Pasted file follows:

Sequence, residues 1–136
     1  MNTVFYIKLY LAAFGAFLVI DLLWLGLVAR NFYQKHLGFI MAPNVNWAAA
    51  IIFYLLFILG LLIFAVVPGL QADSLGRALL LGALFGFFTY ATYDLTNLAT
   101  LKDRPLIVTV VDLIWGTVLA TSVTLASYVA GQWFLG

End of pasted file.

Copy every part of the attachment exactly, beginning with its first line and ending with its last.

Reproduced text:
Sequence, residues 1–136
     1  MNTVFYIKLY LAAFGAFLVI DLLWLGLVAR NFYQKHLGFI MAPNVNWAAA
    51  IIFYLLFILG LLIFAVVPGL QADSLGRALL LGALFGFFTY ATYDLTNLAT
   101  LKDRPLIVTV VDLIWGTVLA TSVTLASYVA GQWFLG